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BBC business had an article recently : “Blockchain: the revolution that hasn’t quite happened.”

The first thing about it is the timeline for blockchain as we know it and Bitcoin itself has only been around for ten years. In financial terms that’s nothing.

I have to say I think that sounds a bit smug and arrogant.

I like to start the talks I give now with a couple of questions to the audience.

A timeline for blockchain development

When was the first debit card issued?

And when was the first bank website put up? That’s website mind, not internet banking.

Questions Temple asks at blockchain presentations

A little history. Barclays was the first British bank to have adding machines in its branches. That was in 1914 – 106 years ago. It was 1961 before the first UK bank computer centre was set up – that was Barclays too. It took them thirteen years to set up two more centres and get every branch connected. THIRTEEN years more.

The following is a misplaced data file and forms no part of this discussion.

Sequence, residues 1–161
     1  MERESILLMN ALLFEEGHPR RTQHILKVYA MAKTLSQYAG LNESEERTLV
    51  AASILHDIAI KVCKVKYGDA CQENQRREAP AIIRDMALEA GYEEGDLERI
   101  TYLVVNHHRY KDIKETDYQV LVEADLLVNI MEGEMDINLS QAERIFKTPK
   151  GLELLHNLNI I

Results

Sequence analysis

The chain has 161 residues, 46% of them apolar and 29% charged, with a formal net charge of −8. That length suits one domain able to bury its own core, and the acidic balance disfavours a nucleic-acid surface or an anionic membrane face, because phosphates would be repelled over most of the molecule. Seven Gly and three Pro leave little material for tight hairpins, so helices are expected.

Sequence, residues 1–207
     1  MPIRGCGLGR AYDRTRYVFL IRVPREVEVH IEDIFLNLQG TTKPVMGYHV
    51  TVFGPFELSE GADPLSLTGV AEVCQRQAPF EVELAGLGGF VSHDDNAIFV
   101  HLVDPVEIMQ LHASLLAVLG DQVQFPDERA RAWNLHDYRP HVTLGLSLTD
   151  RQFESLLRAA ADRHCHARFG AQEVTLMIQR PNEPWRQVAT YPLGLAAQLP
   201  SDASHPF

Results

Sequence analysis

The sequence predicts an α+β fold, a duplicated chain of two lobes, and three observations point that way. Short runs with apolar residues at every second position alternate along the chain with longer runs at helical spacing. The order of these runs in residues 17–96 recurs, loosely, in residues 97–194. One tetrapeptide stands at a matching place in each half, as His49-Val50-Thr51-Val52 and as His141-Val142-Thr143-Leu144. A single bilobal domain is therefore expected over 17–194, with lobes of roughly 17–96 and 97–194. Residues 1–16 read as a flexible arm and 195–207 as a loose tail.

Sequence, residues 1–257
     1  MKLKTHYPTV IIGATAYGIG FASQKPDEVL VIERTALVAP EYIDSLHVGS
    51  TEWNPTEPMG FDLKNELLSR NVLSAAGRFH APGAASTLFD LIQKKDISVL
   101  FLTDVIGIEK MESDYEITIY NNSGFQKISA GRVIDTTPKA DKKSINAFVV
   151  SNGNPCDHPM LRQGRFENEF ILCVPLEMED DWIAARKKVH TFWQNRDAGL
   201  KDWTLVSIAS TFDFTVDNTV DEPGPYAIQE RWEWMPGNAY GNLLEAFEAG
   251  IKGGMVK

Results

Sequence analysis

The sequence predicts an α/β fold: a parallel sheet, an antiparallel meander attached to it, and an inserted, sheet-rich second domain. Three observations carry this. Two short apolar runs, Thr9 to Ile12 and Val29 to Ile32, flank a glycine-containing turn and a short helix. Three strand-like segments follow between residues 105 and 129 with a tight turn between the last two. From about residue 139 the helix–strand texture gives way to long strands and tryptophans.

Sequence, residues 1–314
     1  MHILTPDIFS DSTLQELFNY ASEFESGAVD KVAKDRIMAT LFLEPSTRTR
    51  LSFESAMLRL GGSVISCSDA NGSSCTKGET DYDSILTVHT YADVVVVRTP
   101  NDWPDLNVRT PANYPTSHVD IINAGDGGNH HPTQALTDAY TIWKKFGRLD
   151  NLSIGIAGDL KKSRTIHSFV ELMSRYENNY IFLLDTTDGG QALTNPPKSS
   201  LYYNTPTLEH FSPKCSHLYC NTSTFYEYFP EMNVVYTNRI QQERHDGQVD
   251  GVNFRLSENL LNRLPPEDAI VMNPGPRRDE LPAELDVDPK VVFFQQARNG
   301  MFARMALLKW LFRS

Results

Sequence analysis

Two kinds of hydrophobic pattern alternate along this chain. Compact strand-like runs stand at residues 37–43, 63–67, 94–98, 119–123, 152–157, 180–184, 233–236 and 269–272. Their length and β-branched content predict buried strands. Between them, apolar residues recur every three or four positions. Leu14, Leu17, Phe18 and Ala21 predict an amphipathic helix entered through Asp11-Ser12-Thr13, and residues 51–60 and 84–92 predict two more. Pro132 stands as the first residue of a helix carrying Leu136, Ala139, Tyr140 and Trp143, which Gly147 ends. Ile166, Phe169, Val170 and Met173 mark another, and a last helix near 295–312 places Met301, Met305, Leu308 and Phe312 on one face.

Barclaycard (first UK credit card) took until 1966 swiftly followed by the first cash machine in 1967. Thankfully, banks have been better at having women working for them and now something like 63% of all bank employees are women – a great result.

But think back to where this article started.  That cash machine is over 50 years ago. And my little questions took even Barclays another 20 years (first debit card 1987) and another 8 to get to the website (1995). So the first internet, digital, bank website was a mere 25 years ago.

So to say the blockchain revolution hasn’t happened after a mere ten years seems to me incredibly short sighted and rather smug.

There are thousands of teams across the world working on blockchain solutions for different problems and slowly but surely they are making progress. Large IT projects require massive input of time, money and manpower, and that is happening.